Billions of dollars are pouring into private equity energy funds as oil prices plummet, just one reason some industry insiders say investors should expect lower returns in parts of the oil and gas sector.
On Nov. 5, the cost of oil from OPEC, which produces about 40% of the world's supply, fell below $80 per barrel for the first time in four years because of declining global demand.
Much of the private investment in oil and gas had been in exploration and drilling, so-called upstream investments. Falling oil prices could cut investors' returns in those areas. As a result, managers are expanding into other energy-related investments, including pipelines and oil field servicing.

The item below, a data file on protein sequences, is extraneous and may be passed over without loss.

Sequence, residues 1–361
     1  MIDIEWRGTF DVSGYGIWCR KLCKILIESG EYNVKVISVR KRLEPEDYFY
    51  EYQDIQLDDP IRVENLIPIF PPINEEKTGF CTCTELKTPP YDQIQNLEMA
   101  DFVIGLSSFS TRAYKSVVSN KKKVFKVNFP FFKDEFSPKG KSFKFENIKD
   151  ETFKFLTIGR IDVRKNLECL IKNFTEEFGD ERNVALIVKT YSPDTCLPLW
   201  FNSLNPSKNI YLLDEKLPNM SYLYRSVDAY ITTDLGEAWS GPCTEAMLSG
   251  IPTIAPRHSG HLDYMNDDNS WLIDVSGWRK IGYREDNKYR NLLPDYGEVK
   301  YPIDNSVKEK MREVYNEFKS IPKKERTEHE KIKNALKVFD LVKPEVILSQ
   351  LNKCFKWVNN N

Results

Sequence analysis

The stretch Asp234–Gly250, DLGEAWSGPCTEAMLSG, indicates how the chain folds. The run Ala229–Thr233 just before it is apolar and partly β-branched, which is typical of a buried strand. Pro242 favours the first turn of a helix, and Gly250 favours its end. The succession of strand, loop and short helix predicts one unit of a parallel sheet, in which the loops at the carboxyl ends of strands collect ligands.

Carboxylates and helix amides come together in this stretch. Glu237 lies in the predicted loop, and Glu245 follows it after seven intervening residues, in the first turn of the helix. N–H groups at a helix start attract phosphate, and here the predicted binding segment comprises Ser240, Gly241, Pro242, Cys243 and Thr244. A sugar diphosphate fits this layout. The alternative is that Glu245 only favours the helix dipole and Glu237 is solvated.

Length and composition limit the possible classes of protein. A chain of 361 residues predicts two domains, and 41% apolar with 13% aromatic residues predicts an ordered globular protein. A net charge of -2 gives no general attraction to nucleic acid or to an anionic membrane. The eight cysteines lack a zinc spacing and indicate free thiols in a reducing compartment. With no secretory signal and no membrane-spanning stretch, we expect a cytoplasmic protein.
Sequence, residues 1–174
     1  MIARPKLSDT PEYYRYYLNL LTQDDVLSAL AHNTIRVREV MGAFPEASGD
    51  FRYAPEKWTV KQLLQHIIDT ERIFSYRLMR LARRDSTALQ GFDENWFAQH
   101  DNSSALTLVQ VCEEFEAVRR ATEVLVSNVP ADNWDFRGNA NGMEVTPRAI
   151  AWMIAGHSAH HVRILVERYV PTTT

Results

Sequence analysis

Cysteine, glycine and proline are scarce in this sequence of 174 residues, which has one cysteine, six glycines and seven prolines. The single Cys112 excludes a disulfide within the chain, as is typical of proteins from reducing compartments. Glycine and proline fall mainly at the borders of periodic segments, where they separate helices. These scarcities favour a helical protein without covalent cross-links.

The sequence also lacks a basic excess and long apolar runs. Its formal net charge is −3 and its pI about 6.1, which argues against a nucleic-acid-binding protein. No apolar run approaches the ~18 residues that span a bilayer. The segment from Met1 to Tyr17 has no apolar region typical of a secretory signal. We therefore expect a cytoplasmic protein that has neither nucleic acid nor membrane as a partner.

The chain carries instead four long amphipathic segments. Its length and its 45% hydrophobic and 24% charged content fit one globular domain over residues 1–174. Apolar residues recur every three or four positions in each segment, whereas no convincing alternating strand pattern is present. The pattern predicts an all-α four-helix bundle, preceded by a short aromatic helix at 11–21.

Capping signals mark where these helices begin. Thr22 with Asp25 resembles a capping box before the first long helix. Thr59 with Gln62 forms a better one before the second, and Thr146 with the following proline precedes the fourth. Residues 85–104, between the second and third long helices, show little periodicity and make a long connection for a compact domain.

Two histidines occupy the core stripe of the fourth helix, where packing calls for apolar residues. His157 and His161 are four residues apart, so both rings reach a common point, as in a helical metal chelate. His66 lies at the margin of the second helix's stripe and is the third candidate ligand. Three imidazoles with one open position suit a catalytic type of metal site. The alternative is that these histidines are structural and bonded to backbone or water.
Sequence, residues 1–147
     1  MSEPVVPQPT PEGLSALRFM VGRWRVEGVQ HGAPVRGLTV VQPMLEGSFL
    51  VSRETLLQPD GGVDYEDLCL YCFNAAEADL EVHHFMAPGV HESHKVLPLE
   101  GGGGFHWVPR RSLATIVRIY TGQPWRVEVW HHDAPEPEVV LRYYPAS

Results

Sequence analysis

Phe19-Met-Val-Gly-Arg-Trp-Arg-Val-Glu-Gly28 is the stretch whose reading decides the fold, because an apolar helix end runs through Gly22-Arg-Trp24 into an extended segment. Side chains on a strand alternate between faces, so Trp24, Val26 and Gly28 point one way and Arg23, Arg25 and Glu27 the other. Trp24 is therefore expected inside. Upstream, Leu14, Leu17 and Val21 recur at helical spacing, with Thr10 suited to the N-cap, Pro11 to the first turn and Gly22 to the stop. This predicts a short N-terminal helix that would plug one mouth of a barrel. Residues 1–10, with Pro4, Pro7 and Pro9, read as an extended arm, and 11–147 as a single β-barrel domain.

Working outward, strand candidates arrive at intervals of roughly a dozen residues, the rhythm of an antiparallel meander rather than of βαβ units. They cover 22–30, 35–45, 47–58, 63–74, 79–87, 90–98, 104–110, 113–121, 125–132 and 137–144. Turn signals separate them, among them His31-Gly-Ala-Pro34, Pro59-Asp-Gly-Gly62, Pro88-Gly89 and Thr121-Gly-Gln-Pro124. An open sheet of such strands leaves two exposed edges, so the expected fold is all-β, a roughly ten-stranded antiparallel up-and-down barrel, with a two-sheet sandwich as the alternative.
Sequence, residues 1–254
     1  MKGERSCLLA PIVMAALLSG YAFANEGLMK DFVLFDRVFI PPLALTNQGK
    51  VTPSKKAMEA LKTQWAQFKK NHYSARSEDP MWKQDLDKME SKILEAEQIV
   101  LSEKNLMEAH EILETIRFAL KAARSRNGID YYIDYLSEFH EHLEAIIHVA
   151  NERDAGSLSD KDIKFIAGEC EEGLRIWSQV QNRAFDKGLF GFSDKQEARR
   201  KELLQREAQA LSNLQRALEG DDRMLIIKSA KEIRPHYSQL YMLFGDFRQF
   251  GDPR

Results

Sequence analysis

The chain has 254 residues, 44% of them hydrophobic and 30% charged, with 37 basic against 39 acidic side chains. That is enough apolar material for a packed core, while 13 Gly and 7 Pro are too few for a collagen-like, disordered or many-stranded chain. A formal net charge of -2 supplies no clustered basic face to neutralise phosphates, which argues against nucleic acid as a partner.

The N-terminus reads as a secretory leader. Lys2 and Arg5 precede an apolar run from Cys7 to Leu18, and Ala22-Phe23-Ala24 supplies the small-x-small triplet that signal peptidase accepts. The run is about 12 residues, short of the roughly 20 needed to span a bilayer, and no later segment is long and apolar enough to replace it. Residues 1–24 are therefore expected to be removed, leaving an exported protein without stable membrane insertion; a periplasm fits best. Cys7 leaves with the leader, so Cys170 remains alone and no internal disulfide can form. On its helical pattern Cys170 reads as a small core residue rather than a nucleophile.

Energy has been a high-returning investment for quite some time, returning close to a net 17% internal rate of return for the 10 years ended June 30 and a net 20% IRR for private equity funds that solely make upstream investments, said Stephen Nesbitt, CEO of Marina del Rey, Calif.-based alternative investment consulting firm Cliffwater LLC. Those returns could suffer should oil drop to as low as $70 per barrel, according to Cliffwater research.